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ERIC Number: EJ981122
Record Type: Journal
Publication Date: 2012
Pages: 13
Abstractor: As Provided
ISBN: N/A
ISSN: ISSN-1740-8989
A Case Study to Evaluate Balance Training with Movement Test Items and through Teaching Observation: Beyond Specificity and Transfer of Learning
Kluwe, Margret; Miyahara, Motohide; Heveldt, Kate
Physical Education and Sport Pedagogy, v17 n5 p463-475 2012
Background: Specificity and transfer of learning have been examined in experimental studies. However, their findings may not be relevant to practitioners because of the difference between the experiment conditions and teaching situations. This case study investigates the theoretical issue of specificity vs. transfer of learning by conducting balance training with real-life (functional) tasks and evaluating the teaching outcomes through teaching observation of functional task performance and on the performance of balance tests. Purpose: To describe how a case formulation approach to problem-driven intervention for common balance problems in children can be conducted on the bases of eclectic theories, and to explore the reasons why observed learning outcomes of balance training can be, or can not be reflected on the performance of balance test items. Participants and setting: Two children who met the diagnostic criteria of developmental coordination disorder participated in this study. They were individually taught by student teachers at a teaching and research laboratory for 17 weeks over a 28-week period. Research design: We used a mix-method multiple case study design with two cases to test the alternative hypotheses, specificity vs. transfer of learning by theoretical generalization, in which each case is tested against the hypotheses. Data collection: The effects of balance training were assessed with the Movement Assessment Battery for Children (MABC) and through teaching observation of functional task performance. Data analysis: The analytical method of pattern matching was used to examine the match between the improvement patterns shown by balance test tasks and real-life balance tasks. Findings: Training resulted in an improvement of the balance skills that corresponded with the sets of tasks and environments employed for the specific balance training in one case. In the other case improved performance occurred not only on the trained balance tasks, but also on the performance test balance tasks in the MABC. Conclusions: Transfer and specificity of learning can be explained by the similarities between teaching tasks and test items, the directions of transfers, and the possible contributions of non-balance factors. (Contains 2 tables and 1 figure.)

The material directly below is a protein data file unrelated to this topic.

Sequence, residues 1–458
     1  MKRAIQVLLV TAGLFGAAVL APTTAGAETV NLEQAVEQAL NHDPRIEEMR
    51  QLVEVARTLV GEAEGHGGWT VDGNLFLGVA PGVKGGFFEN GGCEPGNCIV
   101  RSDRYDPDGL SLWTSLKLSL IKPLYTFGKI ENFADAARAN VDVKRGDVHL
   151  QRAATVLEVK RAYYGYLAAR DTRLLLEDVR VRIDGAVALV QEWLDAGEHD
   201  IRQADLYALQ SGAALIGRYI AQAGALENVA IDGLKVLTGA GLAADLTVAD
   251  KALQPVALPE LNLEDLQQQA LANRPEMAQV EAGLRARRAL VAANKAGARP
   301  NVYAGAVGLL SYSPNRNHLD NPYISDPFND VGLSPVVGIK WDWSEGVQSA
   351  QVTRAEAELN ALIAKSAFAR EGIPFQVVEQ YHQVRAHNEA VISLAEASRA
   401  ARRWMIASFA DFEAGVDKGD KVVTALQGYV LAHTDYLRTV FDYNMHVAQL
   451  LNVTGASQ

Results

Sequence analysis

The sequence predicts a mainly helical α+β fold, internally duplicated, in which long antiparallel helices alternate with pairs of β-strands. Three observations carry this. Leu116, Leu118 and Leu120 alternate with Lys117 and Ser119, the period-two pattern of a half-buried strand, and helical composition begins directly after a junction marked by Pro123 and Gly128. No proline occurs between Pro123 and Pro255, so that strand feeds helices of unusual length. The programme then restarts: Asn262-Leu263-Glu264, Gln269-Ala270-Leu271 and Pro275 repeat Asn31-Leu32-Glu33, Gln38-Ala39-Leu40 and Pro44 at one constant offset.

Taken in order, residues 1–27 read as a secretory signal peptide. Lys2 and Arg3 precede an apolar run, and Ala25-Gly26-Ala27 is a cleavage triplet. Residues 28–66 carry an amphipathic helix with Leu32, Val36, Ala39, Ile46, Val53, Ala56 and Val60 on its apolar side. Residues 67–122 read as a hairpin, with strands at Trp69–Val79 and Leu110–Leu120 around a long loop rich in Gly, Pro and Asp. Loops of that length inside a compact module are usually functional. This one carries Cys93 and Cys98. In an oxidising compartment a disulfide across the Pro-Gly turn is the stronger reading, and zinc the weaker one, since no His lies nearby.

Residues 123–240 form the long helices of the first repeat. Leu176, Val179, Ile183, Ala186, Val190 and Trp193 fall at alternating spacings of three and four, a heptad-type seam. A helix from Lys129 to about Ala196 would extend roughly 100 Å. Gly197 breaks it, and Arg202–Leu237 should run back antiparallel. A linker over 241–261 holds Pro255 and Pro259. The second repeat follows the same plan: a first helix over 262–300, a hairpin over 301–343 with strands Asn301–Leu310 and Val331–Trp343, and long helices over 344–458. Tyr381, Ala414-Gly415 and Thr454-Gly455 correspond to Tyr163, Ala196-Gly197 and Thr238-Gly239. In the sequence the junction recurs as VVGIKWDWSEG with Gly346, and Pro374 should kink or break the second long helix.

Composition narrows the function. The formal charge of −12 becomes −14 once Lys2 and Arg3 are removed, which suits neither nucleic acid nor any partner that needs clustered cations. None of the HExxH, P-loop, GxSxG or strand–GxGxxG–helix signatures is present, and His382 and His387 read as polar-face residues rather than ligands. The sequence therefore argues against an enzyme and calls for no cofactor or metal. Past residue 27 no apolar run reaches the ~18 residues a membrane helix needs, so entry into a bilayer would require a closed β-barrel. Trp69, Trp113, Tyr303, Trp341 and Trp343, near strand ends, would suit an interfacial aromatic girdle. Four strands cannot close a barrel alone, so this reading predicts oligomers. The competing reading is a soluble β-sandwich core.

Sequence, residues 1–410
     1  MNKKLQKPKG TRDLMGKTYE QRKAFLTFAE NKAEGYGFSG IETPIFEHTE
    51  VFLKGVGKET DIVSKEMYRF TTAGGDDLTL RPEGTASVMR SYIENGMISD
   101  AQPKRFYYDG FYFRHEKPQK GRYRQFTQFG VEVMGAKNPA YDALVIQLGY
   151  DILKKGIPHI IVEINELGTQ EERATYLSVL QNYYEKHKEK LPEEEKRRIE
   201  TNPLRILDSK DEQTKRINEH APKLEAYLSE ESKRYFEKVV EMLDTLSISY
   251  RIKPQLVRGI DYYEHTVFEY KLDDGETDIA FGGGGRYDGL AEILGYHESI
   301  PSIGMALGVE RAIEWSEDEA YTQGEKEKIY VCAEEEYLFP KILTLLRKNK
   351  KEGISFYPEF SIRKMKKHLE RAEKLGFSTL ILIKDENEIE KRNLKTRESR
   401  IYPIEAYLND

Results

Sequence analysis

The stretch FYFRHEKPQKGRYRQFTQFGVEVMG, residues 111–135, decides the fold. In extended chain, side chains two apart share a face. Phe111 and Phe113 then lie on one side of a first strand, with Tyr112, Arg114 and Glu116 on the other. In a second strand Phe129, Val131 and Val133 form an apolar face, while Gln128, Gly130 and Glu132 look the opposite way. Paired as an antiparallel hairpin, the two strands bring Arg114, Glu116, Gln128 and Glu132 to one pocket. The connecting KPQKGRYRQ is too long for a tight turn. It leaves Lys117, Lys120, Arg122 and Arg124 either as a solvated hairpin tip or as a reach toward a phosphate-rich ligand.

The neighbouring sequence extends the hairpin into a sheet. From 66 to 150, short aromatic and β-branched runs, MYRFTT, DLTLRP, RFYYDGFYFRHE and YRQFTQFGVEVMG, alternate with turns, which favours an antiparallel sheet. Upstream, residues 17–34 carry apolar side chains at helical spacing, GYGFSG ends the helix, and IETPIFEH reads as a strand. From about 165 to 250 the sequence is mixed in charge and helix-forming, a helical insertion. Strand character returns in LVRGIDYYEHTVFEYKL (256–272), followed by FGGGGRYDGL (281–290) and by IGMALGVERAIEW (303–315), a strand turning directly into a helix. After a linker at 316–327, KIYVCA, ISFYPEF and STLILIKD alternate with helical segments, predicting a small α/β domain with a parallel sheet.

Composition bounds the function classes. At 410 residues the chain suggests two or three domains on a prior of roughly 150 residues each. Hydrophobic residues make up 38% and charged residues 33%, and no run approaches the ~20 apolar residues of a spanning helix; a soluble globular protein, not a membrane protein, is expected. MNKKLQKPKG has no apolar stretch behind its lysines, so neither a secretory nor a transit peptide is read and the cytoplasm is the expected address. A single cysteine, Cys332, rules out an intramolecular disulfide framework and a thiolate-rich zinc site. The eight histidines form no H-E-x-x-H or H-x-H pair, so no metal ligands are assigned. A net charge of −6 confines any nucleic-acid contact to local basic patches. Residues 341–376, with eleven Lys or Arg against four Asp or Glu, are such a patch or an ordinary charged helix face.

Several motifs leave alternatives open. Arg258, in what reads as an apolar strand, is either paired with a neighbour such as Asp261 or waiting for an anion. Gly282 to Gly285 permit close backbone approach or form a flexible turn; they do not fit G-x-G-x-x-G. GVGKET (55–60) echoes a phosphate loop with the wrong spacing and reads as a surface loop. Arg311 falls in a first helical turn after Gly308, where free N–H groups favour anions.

Routledge. Available from: Taylor & Francis, Ltd. 325 Chestnut Street Suite 800, Philadelphia, PA 19106. Tel: 800-354-1420; Fax: 215-625-2940; Web site: http://www.tandf.co.uk/journals
Publication Type: Journal Articles; Reports - Research
Education Level: N/A
Audience: N/A
Language: English
Sponsor: N/A
Authoring Institution: N/A